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Worlds Apart January 2009

The World of Festivals and Ritual


Since we are fast approaching the holidays, let’s take a little break from the technicalities of research and think about festivals and rituals. ‘Tis the season, after all.


All human societies observe cyclical festivals, rituals and similar forms of celebration. In some cases these observances are frequent, while in others they are less so, but there is no society that does not have them. In the Communist era in Eastern Europe, religious rituals such as baptisms were abolished when atheism became public policy, but there was still a need to mark an infant’s entry into society and so a “Welcome to the Community” ritual was designed to replace baptism. The social need to mark the stages in a person’s life or the progress of society through the year is extremely powerful.


When you are writing historical fiction you are placing your characters and their story in a past era, and one of the best ways to illustrate that era is to describe some of its ceremonies, festivals and rituals – both religious and secular. Your task is to engage your readers, to interest them, and to build a world they can understand and see as consistent. One of the easiest ways to do that is to include a celebration or festival your readers can actually relate to.


The Christmas festival is a prime example of this technique. Whether they actually celebrate it or not, all your readers will know about Christmas, and great interest can be added to your writing by describing Christmas as it was celebrated in times past. The observance of the festival has changed markedly over the centuries, and while there may now be a Santa Claus, Virginia, there wasn’t always one.


I’m not going to go into the history of the jolly fat man in the red suit, fascinating though it is, but suffice it to say that what we now call Christmas because of its Christian connotations is a complex melding of ancient mid-winter festivals (evergreen boughs), Druidical nature worship (mistletoe) and celebrations to reinforce family values (I’ll be Home for Christmas).


Your readers know Christmas today, but you can engage them by placing your characters into a Christmas setting in previous times and letting your readers see what life was like. Rituals are an important element in society and should not be overlooked.


So if it seems viable, give your characters a Christmas celebration - or an Easter one, or anything else, come to that. If your story is set in medieval Europe you could describe how, during the Christmas season, children caught and killed wrens which were believed to be the kings of winter because they did not migrate but remained no matter how cold the weather became. The dead birds were dressed in tiny robes with little crowns on their heads and placed in velvet-lined boxes (if such luxury could be afforded) and taken from house to house where the children would receive presents of food or small amounts of money. The wren also had religious significance based on the story of St. Steven who, trapped in the furze (thorn bushes) was saved from starvation by wrens who brought him tiny morsels of food in their beaks until he was rescued. We are all familiar with “Trick or Treat” at Halloween (another festival with pre-Christian origins) but the following verse was sung at Christmas when children came to a house to ask for a gift. Before receiving anything, however, they had to show their wren which symbolized the death of winter and the eventual triumph of spring - the triumph of light over dark and hood over evil. This practice became part of Christmas, although it dares from pre-Christian winter celebrations.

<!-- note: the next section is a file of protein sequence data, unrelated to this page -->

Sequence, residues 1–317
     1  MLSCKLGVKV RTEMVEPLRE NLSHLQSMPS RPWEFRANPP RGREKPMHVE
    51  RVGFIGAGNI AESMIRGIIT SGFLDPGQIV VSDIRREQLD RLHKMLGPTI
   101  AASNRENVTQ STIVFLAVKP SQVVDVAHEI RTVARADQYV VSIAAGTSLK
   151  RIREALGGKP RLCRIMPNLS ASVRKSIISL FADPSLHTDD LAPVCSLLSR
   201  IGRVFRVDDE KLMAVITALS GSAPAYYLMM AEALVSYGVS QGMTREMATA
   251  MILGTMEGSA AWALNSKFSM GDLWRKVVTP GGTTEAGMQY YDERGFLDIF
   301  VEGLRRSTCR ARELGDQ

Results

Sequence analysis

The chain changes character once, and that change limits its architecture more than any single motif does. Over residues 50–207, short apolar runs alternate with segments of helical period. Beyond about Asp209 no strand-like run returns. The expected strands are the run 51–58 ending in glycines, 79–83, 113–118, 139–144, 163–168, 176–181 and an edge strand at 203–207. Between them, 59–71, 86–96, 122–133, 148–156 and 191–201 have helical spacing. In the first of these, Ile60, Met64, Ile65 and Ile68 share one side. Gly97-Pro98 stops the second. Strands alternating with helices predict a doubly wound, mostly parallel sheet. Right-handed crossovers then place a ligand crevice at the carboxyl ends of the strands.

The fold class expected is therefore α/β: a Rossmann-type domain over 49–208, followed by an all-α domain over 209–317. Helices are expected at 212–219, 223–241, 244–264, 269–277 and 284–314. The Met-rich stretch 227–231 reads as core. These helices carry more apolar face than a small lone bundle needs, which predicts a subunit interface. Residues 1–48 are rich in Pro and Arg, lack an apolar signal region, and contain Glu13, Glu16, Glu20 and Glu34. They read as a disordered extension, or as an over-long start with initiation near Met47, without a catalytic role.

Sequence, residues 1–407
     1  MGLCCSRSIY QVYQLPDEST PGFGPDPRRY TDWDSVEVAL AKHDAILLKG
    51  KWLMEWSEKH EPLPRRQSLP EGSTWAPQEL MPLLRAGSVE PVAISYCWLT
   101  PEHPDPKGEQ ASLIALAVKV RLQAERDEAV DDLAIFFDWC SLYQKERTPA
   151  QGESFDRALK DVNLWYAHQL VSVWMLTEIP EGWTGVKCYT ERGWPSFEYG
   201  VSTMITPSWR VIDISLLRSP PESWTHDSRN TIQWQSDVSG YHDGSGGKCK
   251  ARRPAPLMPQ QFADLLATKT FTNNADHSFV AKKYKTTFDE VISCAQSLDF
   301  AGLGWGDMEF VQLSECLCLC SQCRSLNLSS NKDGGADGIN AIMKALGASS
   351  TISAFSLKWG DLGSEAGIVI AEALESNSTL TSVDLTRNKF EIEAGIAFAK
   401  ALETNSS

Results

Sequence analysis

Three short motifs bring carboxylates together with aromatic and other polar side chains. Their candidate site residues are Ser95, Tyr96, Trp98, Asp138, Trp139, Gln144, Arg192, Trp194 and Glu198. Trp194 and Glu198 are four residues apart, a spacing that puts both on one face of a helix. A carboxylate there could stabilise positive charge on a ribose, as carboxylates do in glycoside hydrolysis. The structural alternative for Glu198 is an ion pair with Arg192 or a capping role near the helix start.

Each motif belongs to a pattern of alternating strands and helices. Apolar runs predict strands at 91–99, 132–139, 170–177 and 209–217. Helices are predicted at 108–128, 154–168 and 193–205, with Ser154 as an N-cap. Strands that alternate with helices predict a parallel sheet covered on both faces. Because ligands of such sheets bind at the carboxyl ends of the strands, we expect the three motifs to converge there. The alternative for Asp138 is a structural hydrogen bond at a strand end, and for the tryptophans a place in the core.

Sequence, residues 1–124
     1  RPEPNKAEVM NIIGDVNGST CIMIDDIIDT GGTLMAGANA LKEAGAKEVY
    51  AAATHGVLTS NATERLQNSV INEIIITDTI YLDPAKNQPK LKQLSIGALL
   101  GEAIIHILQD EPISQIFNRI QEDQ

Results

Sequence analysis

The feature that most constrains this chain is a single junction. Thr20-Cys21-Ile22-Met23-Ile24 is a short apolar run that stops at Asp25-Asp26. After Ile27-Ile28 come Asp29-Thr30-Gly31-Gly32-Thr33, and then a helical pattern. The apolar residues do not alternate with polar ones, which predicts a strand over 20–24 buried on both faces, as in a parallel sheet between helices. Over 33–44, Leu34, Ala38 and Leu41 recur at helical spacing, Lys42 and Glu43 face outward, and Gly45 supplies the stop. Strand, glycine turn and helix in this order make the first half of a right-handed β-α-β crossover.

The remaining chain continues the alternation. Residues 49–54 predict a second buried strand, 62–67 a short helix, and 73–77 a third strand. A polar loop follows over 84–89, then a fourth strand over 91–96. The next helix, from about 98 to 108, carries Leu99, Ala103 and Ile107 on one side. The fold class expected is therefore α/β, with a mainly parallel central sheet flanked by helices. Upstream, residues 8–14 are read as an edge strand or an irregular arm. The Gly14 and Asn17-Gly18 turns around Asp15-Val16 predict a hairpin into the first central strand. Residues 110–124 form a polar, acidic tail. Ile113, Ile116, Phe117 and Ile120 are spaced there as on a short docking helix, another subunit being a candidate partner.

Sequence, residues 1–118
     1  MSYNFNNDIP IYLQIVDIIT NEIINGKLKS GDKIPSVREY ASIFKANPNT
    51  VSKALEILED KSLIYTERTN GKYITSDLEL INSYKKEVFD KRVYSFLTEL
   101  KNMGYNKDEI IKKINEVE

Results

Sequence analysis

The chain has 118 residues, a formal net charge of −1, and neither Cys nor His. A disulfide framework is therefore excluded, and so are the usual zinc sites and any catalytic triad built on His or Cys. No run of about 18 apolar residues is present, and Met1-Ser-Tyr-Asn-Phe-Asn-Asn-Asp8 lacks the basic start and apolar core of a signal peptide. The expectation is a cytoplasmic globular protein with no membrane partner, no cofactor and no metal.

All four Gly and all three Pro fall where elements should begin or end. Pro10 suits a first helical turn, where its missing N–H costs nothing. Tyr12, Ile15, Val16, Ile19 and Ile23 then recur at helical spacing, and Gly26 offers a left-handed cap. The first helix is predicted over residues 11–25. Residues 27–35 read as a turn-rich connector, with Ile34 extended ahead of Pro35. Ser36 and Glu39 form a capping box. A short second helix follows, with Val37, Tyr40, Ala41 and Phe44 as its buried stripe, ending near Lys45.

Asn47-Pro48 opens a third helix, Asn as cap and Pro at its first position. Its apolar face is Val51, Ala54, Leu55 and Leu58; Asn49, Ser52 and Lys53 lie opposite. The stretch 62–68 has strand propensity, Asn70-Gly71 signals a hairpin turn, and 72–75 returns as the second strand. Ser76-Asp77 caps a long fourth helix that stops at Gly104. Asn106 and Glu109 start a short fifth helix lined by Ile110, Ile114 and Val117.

The wren, the wren is king of the birds,

Since Steven’s gown was caught in the furze.

Although he is little his family is great,

We pray you good people to give us a treat.


So it is at this time of year we remember how important celebrations, rituals and festivals are to humankind, and how useful they are to writers of historical fiction as we build worlds for our characters to inhabit. As noted, linking the present to the past by referring to festivals still observed today is an excellent vehicle for engaging and interesting your readers, as well as enhancing the description of the social fabric of times past. Whether it’s Christmas, Halloween, the Ch’ing Ming Festival in China or the Lunar New Year celebrations in Asia, they can all be used to good effect.


But check it out first. Beware the dreaded anachronism. For example, Santa Claus didn’t exist in the eighteenth century (although his precursors did); people did not exchange Christmas cards until the 1850s (the custom originated in England), and Bonfire Night did not take place until after 1606 when Guy Fawkes tried to blow up the Houses of Parliament.


Happy Holidays,